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The State of the State 

The State of the State 

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Governor Mike Parson delivers an overview of how Missouri is faring.

Last year, it was all about erasing the stain left by the Eric Greitens administration. This time, it was all about Mike Parson’s record as governor, with a definite eye toward making the case for another term as Missouri’s chief executive. 

Parson delivered his annual State of the State address (and state budget message) to lawmakers on January 15 while brimming with confidence. There was much to crow about.

The growth in the economy topped the list. Parson’s people say unemployment dropped to a historic low of 3.1% in 2019 as the private and public sectors invested more than $5 billion in the Show-Me State. A significant portion of that investment was the $1.5 billion from General Motors to make over its Wentzville assembly plant and the $1 billion from Uncle Sam to develop a new geospatial intelligence center in St. Louis.   

“Our workforce efforts have created over 40,000 new jobs since I took office . . . 40,000 new jobs!,” the governor proclaimed to delighted applause from the chamber. 

Parson lauded the pro-business climate in Missouri, spurred by falling taxes and receding regulations. He specifically called on lawmakers to push for new tort law reforms that will further protect deep-pocketed companies from lawsuits. And while the governor did not dwell on that, the Missouri Chamber of Commerce and Industry hit the issue hard.

“Greedy plaintiffs’ attorneys are fleecing Missouri’s legal system in a way that kills jobs and scares away potential business investment,” chamber president and CEO Daniel Mehan said in a follow-up release. “If we are going to move forward as a state, we have to start by cleaning up our courtrooms and bringing fairness to our legal system.”

Parson also applauded lawmakers’ investment in transportation. Where voters have rejected new taxes for highway construction, the General Assembly last year committed $50 million from general revenue for that purpose. Matched with local money, Parson says that will generate nearly $150 million in new infrastructure investment. And he called on the legislature to commit another $50 million in fiscal year 2021.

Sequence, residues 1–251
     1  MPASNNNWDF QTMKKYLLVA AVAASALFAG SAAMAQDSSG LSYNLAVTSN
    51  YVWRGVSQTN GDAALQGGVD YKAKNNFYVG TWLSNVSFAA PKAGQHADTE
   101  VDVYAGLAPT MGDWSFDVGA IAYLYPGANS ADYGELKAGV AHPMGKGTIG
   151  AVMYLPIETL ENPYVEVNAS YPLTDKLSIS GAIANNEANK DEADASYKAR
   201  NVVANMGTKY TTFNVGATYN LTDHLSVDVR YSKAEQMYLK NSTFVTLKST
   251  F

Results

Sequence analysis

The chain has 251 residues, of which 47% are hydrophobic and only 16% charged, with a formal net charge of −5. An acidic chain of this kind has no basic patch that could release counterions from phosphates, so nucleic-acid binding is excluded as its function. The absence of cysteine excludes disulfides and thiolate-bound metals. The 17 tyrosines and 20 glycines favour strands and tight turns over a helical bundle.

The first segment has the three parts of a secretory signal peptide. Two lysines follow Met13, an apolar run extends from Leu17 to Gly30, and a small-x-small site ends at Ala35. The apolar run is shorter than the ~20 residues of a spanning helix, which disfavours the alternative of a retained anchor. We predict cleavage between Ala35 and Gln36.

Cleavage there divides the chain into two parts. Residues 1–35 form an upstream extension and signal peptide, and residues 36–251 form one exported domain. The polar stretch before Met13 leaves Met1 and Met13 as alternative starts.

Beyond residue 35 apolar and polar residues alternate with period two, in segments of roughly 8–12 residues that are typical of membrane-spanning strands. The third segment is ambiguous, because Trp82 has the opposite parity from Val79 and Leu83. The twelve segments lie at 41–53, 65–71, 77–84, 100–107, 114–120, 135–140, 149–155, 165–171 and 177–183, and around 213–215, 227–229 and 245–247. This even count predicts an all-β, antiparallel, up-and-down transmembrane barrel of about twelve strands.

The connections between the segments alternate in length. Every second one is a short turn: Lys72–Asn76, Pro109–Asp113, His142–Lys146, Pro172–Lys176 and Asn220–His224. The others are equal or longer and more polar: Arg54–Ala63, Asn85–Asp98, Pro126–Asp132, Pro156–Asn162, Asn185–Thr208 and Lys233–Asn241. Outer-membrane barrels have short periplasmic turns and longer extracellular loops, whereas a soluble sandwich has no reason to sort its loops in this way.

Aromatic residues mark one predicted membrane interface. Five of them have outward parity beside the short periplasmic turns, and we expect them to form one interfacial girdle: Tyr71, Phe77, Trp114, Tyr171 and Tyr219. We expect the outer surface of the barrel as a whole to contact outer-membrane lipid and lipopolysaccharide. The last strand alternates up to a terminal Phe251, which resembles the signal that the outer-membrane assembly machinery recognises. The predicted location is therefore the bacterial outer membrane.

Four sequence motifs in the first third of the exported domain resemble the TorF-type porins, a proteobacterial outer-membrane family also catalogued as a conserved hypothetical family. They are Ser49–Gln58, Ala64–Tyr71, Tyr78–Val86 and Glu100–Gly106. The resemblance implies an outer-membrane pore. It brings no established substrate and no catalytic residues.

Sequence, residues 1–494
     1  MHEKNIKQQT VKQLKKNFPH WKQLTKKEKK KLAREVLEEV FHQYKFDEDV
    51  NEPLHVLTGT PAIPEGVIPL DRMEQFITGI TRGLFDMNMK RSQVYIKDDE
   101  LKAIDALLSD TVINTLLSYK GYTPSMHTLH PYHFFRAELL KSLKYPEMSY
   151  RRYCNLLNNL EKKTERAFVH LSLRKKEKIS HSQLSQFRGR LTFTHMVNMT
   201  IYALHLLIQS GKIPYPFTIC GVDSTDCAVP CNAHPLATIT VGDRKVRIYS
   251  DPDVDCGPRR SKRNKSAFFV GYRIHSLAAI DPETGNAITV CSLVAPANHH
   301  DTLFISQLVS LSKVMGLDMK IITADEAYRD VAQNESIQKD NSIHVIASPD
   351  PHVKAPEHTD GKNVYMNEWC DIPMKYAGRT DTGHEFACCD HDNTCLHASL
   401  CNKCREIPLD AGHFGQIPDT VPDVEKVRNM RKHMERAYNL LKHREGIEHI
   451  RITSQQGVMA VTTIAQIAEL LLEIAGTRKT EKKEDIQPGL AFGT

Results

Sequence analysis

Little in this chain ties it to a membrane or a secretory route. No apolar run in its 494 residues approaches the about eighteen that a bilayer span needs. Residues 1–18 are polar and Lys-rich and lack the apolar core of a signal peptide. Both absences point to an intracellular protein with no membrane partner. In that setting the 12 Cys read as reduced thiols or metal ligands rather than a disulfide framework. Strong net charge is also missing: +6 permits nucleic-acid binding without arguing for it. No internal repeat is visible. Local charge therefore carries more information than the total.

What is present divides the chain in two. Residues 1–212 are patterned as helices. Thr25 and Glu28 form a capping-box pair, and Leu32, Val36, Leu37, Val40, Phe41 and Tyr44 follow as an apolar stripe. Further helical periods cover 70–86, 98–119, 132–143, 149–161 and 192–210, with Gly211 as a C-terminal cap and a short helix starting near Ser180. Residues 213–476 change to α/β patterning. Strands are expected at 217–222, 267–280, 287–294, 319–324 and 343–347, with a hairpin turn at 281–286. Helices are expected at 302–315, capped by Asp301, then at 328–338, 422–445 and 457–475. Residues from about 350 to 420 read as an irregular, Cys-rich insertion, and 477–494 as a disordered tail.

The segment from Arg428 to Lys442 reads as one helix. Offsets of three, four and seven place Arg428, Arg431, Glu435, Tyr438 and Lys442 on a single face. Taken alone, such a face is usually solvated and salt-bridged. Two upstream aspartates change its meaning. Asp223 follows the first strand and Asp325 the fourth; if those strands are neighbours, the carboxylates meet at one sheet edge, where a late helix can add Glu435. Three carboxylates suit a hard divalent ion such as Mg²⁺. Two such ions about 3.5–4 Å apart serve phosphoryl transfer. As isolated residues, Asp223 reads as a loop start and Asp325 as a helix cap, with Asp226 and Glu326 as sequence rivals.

In building a case for re-election, Parson was mindful of policy issues. Even as advocates push forward with an effort to get Medicaid expansion on the fall ballot, Parson threw cold water on the idea. He noted Medicaid already accounts for $10 billion in public spending, a third of the total state budget.    

“The reality is that expanding this system comes at the cost of other vital services such as education, workforce development, and improving our aging infrastructure,” Parson warned his legislative audience. “So, make no mistake about it . . . the vague proposal they are not explaining or purposely withholding is a massive tax increase that Missourians cannot afford.”

That opened the door for the Democrats, who have been critical of a new system of evaluating Medicaid eligibility adopted last year by the Department of Social Services.

House Minority Leader Crystal Quade ripped Parson for the 100,000 children who have lost subsidized health care benefits under his watch. “The Parson administration, instead of working to fix the problem, will simply declare that no problem exists,” Quade declared. 

State Auditor Nicole Galloway, the Democrat designated as the official respondent to Parson, and who likely will oppose him for governor on the November ballot, used the opportunity to unveil a new campaign-style video featuring two women, one from one of the state’s urban areas and one from a rural area, who had lost health care coverage.   

“You shouldn’t have to decide between putting food on the table for your family and getting the health care that you need for you or your kids,” Galloway tells a living room gathering in the video. “Governor Parson . . . he caused this problem.”
In a news release, Galloway also attacked the Medicaid renewal systems for “creating unnecessary and potentially unlawful bureaucratic barriers.”

Another politically-charged issue is the violence in the state’s population centers. Parson last year committed state resources, including the highway patrol, to local law enforcement needs. He routinely argues that developing stronger communities through education and job creation is the answer to violence. In his speech, the governor said he wanted to “strengthen our laws to target violent criminals.”  Most interpreted that to mean tougher penalties for people who use guns to commit crimes, not legislation to take guns off the street.  

“Let me be clear . . . I have never wavered in my support for the Second Amendment,” the former sheriff asserted. 

“Missourians know that when Missouri children are dying by the dozens from gun violence, Governor Parson can be counted on to call a special legislative session — to create special tax breaks on automobile sales,” Rep. Quade mockingly countered, referring to the special session Parson called in September.     

Parson has proposed spending about a million dollars on witness protection programs and more than $50 million for behavior health programs that could help to stem gun violence. Beyond that, the governor proposes to add $10 million for basic aid to public schools and explore ways to increase the pay for Missouri school teachers. He also wants another 2% pay increase for state workers, on top of the 3% raise they received this year.

And Parson wants to put aside $100 million in a cash operating expense fund to give Missouri “greater flexibility and stronger finances.” In a new release, Galloway applauded that, emphasizing it’s something she has called for in past audits.  

It is, after all, an election year. 

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